What do you get when you mix cardboard, popsicle
sticks, water bottles, straws and 1,244 milk cartons? Ask the fifth grade gifted
and talented students of Brandenburg Elementary School, and they would say –
eight hand-crafted model airplanes.
After working hard all fall, their aviation project recently caught the eye of Evergreen Packaging, a global leader in beverage paperboard carton manufacturing. Students entered the company’s seventh annual Made by Milk Construction Contest and were named among its 2016 winners on January 4.
The group of 38 Brandenburg fifth-graders were one of 171 student teams to submit projects made mostly of repurposed milk and juice cartons for a chance to win up to $5,000. Their team, Up, Up and Away, constructed eight model aircrafts resembling planes made between the years 1905 to 1994 using 1,244 cartons collected by the entire school.
The idea for their creation came while studying force and motion in science class and delving into Newton’s laws of physics. With the contest theme being inventions, students researched and brought their curriculum to life in a creative blend of STEM, innovation, flight and design.
“Our students knew this was a national competition and only hard work and inspired ideas would pay off,” said Brandenburg teacher Grizelle Larriviel. Ms. Larriviel, whose former class also won Made by Milk’s People’s Choice Award in 2013, and co-teacher Irene Sosa are extremely proud of their students rallying together to accomplish such a challenge.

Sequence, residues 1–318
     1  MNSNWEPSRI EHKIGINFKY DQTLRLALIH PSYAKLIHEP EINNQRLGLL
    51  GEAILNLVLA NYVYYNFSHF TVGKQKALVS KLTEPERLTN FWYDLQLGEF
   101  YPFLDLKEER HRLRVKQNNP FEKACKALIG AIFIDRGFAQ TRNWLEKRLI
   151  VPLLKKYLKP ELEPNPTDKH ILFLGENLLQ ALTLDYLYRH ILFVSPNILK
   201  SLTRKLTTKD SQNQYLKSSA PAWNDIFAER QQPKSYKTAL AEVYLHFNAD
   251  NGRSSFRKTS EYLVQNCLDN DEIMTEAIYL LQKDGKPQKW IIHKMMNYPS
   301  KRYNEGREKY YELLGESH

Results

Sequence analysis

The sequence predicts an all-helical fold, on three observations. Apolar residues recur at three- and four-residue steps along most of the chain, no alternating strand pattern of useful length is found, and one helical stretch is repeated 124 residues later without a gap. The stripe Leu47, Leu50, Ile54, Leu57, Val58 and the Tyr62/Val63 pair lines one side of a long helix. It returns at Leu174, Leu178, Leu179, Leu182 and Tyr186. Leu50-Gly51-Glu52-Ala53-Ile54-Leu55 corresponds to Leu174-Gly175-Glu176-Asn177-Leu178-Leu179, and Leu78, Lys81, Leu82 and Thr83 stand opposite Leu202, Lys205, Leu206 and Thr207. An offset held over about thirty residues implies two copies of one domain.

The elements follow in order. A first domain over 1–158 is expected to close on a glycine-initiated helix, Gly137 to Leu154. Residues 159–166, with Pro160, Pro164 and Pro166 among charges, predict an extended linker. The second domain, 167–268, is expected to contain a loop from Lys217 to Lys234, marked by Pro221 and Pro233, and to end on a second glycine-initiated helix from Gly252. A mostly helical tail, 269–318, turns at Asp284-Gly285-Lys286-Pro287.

Brandenburg’s entry, titled Aviation Evolution 1905-1994, won in the elementary school category of 300+ cartoons, alongside Idlewild Elementary in Memphis, Tenn., and Kennesaw Elementary in Kennesaw, Ga. Each school will receive a monetary award of $1,000.
Overall, 14 schools were recognized as winners with Brandenburg being the only Texas school to win in over six categories. With the win, students hope to soon invite representatives from Bell Helicopter, Lockheed Martin and Boeing to view their planes and will attend Fort Worth’s C.R. Smith Museum this spring to participate in STEM workshops and see an actual Douglas DC–1 aircraft like the one they made by hand.